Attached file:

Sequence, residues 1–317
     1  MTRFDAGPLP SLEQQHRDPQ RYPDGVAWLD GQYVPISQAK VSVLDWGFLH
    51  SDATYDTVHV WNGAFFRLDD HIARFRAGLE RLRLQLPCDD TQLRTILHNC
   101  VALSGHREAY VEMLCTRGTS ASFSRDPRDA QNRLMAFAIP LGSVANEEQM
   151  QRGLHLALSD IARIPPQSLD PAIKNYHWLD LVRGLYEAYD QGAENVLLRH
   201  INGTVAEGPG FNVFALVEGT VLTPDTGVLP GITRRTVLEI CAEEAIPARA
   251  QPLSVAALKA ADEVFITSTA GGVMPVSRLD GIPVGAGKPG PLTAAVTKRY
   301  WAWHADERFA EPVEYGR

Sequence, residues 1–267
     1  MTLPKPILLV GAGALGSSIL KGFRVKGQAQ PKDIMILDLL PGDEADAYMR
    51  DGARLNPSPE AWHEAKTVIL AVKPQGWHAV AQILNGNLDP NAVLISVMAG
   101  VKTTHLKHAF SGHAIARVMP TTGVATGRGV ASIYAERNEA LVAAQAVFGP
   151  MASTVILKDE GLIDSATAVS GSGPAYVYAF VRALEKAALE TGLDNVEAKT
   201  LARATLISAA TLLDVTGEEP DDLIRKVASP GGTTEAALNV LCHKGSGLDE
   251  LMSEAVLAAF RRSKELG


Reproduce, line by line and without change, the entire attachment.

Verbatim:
Sequence, residues 1–317
     1  MTRFDAGPLP SLEQQHRDPQ RYPDGVAWLD GQYVPISQAK VSVLDWGFLH
    51  SDATYDTVHV WNGAFFRLDD HIARFRAGLE RLRLQLPCDD TQLRTILHNC
   101  VALSGHREAY VEMLCTRGTS ASFSRDPRDA QNRLMAFAIP LGSVANEEQM
   151  QRGLHLALSD IARIPPQSLD PAIKNYHWLD LVRGLYEAYD QGAENVLLRH
   201  INGTVAEGPG FNVFALVEGT VLTPDTGVLP GITRRTVLEI CAEEAIPARA
   251  QPLSVAALKA ADEVFITSTA GGVMPVSRLD GIPVGAGKPG PLTAAVTKRY
   301  WAWHADERFA EPVEYGR

Sequence, residues 1–267
     1  MTLPKPILLV GAGALGSSIL KGFRVKGQAQ PKDIMILDLL PGDEADAYMR
    51  DGARLNPSPE AWHEAKTVIL AVKPQGWHAV AQILNGNLDP NAVLISVMAG
   101  VKTTHLKHAF SGHAIARVMP TTGVATGRGV ASIYAERNEA LVAAQAVFGP
   151  MASTVILKDE GLIDSATAVS GSGPAYVYAF VRALEKAALE TGLDNVEAKT
   201  LARATLISAA TLLDVTGEEP DDLIRKVASP GGTTEAALNV LCHKGSGLDE
   251  LMSEAVLAAF RRSKELG